What a different feel this morning has compared to all the others since we have been here.  We only have three surgery patients today.  This means there was no crowd waiting for us when we arrived.  No one is sitting in our waiting area doing activities at the tables while waiting for their surgeries.  Today, as soon as they are processed, they are taken upstairs for surgery; no waiting.  This is great news for the patients but I miss the interactions with those in the waiting area.

Unfortunately, I only got one picture from rounds this morning.  Dr. Ann Mohler is giving after care instructions to Maria’s mother.

Dr. Ann Mohler has been a pediatrician for 28 years.  She lives in Oakland, California.  This is her second Rotaplast mission.  She went to the Philippines in 2019.  What Dr. Mohler likes about the Rotaplast missions and why she came back for another one: the comradery that comes from working hard together; likes to see the immediate changes that affect the qualify of life for the patients; very rewarding; and she loves to travel.  In fact, when her son and daughter were 11 and 14 years old, respectively, they took a year off to travel the world.  It was some of the best education her children have gotten.  Plus, they learned to say, “thank you” in many languages.  “Muchas gracias” Dr. Mohler for being with us on this mission.

These are the three surgeries scheduled for today (all should go home today):

Duvan is 16 years old.  Surgery- unilateral lip revision.  Photos: intake picture; recovery room with his quilt; post-op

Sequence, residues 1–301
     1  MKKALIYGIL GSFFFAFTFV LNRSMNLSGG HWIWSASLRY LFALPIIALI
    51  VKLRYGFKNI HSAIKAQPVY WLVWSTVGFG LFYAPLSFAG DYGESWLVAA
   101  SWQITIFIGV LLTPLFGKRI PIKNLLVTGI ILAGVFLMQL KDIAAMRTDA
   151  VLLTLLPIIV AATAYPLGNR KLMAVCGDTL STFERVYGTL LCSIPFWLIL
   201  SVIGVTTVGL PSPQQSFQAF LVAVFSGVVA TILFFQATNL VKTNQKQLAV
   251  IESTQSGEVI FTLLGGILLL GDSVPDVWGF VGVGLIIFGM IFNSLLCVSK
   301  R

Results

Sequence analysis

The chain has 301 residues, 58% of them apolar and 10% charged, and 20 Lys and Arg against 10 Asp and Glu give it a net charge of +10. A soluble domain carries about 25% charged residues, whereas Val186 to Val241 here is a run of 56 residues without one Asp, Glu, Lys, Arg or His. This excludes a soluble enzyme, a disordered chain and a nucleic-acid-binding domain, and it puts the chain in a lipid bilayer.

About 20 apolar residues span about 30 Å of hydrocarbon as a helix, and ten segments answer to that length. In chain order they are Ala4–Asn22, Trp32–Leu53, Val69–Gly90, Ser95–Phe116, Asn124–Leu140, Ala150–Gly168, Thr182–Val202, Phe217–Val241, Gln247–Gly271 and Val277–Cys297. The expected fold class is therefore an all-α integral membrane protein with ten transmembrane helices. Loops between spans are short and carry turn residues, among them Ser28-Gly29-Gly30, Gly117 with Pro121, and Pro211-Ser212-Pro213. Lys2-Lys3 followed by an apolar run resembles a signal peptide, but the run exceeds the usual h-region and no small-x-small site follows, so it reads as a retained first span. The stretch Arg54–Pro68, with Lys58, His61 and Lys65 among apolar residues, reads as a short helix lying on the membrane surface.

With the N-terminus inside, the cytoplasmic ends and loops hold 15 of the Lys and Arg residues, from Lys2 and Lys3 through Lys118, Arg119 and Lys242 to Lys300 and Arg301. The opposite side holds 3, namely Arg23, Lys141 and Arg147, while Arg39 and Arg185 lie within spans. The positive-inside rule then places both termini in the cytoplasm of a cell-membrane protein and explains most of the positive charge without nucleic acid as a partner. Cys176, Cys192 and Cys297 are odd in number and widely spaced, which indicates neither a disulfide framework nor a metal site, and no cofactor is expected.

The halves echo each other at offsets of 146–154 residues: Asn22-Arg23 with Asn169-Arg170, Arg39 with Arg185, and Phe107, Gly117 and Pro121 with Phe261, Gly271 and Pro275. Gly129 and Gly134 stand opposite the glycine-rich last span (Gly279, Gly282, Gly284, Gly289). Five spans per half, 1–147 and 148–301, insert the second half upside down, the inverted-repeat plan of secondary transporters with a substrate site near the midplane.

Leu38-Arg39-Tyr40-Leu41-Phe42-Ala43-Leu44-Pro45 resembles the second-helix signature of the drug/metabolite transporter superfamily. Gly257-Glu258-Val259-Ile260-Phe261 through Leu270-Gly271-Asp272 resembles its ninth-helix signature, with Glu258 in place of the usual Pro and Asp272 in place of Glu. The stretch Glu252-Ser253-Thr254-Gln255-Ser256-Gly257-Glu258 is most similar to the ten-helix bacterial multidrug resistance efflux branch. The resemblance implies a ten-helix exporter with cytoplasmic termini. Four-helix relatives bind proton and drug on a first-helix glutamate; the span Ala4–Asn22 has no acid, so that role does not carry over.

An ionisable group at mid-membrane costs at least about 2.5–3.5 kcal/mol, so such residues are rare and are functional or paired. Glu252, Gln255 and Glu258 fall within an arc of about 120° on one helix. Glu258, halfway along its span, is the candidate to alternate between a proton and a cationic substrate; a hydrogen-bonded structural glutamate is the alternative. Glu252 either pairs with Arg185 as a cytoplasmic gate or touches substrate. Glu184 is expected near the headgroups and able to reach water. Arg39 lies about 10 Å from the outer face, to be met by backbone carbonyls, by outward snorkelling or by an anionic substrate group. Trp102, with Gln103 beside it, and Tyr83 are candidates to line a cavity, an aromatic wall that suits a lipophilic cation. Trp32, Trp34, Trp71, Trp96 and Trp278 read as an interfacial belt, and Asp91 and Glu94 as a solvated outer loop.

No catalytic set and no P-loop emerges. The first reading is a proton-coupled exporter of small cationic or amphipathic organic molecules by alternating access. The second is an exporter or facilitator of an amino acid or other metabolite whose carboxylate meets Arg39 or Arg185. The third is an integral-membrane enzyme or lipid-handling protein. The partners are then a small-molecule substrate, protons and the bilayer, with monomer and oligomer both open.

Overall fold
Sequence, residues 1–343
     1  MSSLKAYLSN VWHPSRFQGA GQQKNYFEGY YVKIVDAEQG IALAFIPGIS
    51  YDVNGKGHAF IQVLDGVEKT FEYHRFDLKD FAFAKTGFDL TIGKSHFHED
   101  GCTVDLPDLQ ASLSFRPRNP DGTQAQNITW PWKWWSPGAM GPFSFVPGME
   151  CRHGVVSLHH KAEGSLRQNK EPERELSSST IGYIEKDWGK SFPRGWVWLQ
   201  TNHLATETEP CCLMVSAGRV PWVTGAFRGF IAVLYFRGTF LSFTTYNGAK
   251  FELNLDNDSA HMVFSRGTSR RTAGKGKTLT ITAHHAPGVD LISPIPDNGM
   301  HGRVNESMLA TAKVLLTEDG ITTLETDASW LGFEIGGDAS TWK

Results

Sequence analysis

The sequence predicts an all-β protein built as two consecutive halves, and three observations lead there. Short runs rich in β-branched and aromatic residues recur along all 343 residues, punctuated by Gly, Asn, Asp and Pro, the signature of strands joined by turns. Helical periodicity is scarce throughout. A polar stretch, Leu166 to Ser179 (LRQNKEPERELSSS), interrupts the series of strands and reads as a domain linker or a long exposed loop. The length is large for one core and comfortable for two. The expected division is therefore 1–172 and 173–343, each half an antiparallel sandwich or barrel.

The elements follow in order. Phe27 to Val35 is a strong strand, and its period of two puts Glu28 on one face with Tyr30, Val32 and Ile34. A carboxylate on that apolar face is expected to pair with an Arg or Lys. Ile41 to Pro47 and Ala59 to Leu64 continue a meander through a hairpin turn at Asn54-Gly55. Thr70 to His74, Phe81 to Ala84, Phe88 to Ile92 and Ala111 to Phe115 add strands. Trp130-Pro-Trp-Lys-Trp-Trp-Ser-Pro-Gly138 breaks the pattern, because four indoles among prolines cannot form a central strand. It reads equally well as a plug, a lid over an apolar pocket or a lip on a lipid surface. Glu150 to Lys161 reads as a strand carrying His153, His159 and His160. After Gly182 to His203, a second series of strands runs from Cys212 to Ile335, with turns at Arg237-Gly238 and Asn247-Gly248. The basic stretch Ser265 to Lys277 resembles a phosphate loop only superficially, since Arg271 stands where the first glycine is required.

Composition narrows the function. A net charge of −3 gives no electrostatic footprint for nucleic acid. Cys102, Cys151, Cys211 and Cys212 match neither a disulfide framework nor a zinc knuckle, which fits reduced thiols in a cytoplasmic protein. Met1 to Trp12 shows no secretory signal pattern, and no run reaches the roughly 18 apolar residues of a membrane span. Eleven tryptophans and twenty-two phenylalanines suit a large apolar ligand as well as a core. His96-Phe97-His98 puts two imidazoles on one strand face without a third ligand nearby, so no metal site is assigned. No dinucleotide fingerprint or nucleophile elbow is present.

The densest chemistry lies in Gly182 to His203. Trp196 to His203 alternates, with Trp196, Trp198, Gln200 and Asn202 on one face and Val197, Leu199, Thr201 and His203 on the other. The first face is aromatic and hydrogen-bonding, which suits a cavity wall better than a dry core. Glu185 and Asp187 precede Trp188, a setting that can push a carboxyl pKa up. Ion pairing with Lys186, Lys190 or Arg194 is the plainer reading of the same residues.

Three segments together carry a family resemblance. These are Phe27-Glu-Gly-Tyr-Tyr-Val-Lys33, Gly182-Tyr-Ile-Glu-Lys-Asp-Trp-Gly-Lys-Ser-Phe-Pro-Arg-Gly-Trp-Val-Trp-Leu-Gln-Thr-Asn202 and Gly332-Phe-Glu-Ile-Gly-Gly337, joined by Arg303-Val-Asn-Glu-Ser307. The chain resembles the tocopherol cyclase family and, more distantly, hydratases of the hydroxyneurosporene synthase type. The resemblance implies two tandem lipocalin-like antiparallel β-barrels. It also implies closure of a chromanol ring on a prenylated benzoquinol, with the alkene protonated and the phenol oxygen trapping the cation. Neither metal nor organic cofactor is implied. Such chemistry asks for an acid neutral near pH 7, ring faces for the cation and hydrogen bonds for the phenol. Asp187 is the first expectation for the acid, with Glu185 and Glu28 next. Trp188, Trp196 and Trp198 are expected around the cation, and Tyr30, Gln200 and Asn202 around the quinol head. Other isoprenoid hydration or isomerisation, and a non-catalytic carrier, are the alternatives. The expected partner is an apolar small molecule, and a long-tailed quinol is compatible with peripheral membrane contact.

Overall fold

Miguel is 16 years old. Surgery- right lip revision.  Photo: intake picture

Jhon is 28 years old.  Surgery- bilateral lip revision.  Photos: intake picture; recovery with translator Nicole, Nurse Tracy Liu, Dr. Puri; post-op

Here are some more profiles of our amazing mission team members:

Craig Galante is a Rotarian living in Pennsylvania. (Pictured above with Arzoo Salami) He has been a Rotarian in the Rotary Club of Broomall for 7 years.  He is a past-president and current Foundation Chair.  Paul Quintvalla, Rotaplast boardmember and person responsible for the Rotaplast Newsletter, is a member of Craig’s club.  He heard about Rotaplast through Paul and other club members who have gone on missions.  Unfortunately, the timing was never right for Craig. He was too busy with work and raising a son (just graduated from high school) and a daughter (just graduated from Temple University).  Craig also graduated this year with his BS degree and rode to his graduation ceremony in style, in his cap and gown on a Harley.  Though this is his first Rotaplast mission, it isn’t because of lack of trying.  He was scheduled to go to Nepal in 2020 but it was cancelled 1-2 weeks before departure due to the pandemic.

Craig is the Operations Supervisor at Monroe Energy.  He was in the Navy for 4 years and on an Emergency Response Team for 20 years.  It’s no wonder he is doing an exceptional job as our Quartermaster.  I am not sure what his actual job duties are supposed to be.  It seems he is everything to everyone.  Craig makes almost daily trips to the store, asking everyone if they wanted to add anything to his list before he leaves.  He takes pictures for me in the OR and recovery room when I’m not able to be there.  He delivers supplies and materials to whoever needs them.  Craig takes count of who is on the bus coming and going from the hospital.  When team members need to stay later to be with late surgery patients, he stays with them, helping pack up and making sure they all get an Uber back to the hotel.  I could go on and on.  He does all of this with a great sense of humor and giving heart.  We are so lucky to have him!